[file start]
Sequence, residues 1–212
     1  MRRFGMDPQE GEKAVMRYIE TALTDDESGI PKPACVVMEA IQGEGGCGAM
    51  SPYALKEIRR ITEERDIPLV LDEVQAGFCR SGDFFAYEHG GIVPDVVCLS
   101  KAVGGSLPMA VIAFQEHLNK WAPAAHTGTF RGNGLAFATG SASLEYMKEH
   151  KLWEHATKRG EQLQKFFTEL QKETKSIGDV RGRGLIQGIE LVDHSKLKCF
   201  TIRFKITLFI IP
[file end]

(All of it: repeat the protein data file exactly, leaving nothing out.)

Sequence, residues 1–212
     1  MRRFGMDPQE GEKAVMRYIE TALTDDESGI PKPACVVMEA IQGEGGCGAM
    51  SPYALKEIRR ITEERDIPLV LDEVQAGFCR SGDFFAYEHG GIVPDVVCLS
   101  KAVGGSLPMA VIAFQEHLNK WAPAAHTGTF RGNGLAFATG SASLEYMKEH
   151  KLWEHATKRG EQLQKFFTEL QKETKSIGDV RGRGLIQGIE LVDHSKLKCF
   201  TIRFKITLFI IP